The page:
THE recent policy measures announced by the central bank governor, John Mangudya can help attract foreign direct investment and address the liquidity crunch facing the country only if government follows through with proposed changes to its local ownership policy, economic analysts have warned.
In his maiden monetary policy statement last week, Reserve Bank of Zimbabwe (RBZ) governor John Mangudya painted a stark picture of the country’s woes, highlighting a 59 percent fall in first half foreign direct investment, and called for a “credible, consistent and predictable policy framework.”
Showing how far Zimbabwe has fallen behind regional peers in FDI stakes, Mangudya cited low business confidence, which he attributed to sanctions and “misconceptions around the indigenisation policy,” as other factors dimming Zimbabwe’s investment prospects.
Economic commentator Eric Bloch told The Source that although the monetary policy addressed critical issues in a “practical and honest” manner, there was need for government to revisit the indigenisation law, which requires foreigners to cede 51 percent shares to local blacks.
“We need to restructure the indigenisation law because as long as we insist on the 51 percent, we will not get investment and create jobs,” he said.
Earlier this year, finance minister Patrick Chinamasa hinted that the law could be amended, but the government continues to send mixed signals over the local ownership policy, with indigenisation minister Francis Nhema insisting the law was “good” and would not be changed.
Bloch, who described the monetary policy as “extremely good,” was quick to point out the need for government to align its policies to the monetary policy for it to work.
“Although I am praising the monitory policy, some things won’t work unless government changes some of its policies,” he said.
Among other things, he said, there was need for tax breaks for local companies and an increase in import duty on some targeted goods to protect local manufacturers.
The country realised $1,2 billion from exports for the first half of the year compared to $2,9 billion worth of imports.
“As a result our local manufacturers cannot compete. Government should introduce export incentives. If government does such things concurrent to our monetary policy it will put us towards economic recovery,” he said.Advertisement
Former finance minister, Simba Makoni also welcomed the policy, which he said was “feasible and practical” but lacked political will from the country’s leadership to improve the economy.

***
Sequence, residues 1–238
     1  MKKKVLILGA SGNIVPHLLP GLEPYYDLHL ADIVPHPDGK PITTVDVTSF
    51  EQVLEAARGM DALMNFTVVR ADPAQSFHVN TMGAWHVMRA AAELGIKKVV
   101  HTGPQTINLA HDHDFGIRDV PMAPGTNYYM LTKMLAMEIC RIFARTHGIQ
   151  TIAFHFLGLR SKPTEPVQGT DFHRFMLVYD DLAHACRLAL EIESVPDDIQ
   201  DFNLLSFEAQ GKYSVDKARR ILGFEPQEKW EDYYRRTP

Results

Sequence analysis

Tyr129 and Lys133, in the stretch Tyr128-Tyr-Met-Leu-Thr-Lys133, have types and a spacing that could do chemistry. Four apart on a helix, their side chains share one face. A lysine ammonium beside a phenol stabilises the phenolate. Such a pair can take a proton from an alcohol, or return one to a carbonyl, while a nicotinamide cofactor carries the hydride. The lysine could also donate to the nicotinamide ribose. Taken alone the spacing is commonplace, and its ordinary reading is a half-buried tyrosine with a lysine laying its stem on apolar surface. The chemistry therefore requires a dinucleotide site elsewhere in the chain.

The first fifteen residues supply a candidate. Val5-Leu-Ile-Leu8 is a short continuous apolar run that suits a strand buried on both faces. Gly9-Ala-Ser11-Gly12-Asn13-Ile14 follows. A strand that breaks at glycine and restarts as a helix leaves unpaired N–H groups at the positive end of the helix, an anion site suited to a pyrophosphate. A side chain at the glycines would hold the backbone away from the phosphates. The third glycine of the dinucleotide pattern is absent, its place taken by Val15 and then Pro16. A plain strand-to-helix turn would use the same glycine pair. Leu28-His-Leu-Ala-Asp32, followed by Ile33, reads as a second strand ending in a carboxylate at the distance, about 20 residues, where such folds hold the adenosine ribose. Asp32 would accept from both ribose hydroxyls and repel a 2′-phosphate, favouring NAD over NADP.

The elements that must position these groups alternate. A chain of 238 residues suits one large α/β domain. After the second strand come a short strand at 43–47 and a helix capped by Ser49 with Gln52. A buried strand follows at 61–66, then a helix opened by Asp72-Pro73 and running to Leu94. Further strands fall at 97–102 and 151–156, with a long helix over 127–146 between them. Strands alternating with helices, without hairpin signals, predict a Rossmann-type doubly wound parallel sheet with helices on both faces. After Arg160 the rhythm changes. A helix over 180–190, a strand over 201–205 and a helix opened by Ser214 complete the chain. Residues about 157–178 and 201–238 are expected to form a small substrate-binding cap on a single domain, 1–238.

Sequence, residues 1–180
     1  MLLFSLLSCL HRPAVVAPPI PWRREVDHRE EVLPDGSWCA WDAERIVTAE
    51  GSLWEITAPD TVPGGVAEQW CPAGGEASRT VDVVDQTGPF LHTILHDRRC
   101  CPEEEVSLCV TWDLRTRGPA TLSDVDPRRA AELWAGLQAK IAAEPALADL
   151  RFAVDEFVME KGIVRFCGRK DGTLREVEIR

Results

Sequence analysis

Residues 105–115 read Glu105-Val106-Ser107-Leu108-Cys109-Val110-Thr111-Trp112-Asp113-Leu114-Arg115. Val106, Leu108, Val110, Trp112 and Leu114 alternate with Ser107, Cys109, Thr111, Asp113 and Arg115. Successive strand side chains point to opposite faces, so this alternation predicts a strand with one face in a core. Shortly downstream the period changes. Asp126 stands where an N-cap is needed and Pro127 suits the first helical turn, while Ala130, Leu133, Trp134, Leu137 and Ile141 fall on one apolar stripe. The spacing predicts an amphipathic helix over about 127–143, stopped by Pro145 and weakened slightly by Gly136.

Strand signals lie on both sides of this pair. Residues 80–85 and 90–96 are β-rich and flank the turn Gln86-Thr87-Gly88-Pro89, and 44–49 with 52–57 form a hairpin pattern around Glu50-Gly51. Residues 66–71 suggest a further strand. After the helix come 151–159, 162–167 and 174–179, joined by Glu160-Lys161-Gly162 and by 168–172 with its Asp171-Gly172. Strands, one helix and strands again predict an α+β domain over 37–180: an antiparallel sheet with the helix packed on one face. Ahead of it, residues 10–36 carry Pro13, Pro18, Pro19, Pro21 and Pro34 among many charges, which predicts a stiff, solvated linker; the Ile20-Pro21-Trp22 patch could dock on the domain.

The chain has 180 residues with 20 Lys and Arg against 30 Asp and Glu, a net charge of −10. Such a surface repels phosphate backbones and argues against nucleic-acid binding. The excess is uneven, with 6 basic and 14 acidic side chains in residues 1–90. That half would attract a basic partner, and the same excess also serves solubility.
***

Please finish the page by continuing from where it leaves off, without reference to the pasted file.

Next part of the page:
“All measures are genuinely practical and practicable if only the actors in various fields of the economy were not impeded by politics,” he said.
Makoni who leads opposition party, Mavambo/Kusile/Dawn, said the policy measures could only work in a conducive investment environment.
“The Indigenisation Act and regulations are self-contradictory, if not in the latter it’s in the application. All those will be resolved when the politicians begin to behave correctly,” he said.
He said the liquidity facing the country was “not a problem but a symptom of underlying problems.”
“We are spending money we don’t have on consumables rather than production,” he said.
In a move meant to improve liquidity in the local economy, the RBZ has reviewed the maximum offshore account balances to five percent of total deposits from 30 percent of FCA balances.
Economist John Robertson said the monetary policy’s role was very limited in the absence of a local currency, reiterating sentiments from the other economists that the policy only deals with “symptoms of the problem.”
“The real problem is scarcity of money due to scarcity of investors. We have also damaged the productive sectors through the land reform and reduced exports. That is why we have got liquidity problems,” he said.
He said there was need to amend the indigenisation law to make it investor friendly.
“Investors are not keen to come to the country. Some of the regulations remain discouraging,” he said, adding that such issues were beyond the scope of the governor whose role was advisory.
Zimbabwe registered a meagre $67 million in foreign direct investment in the first half of 2014, down from $165 million over the same period last year.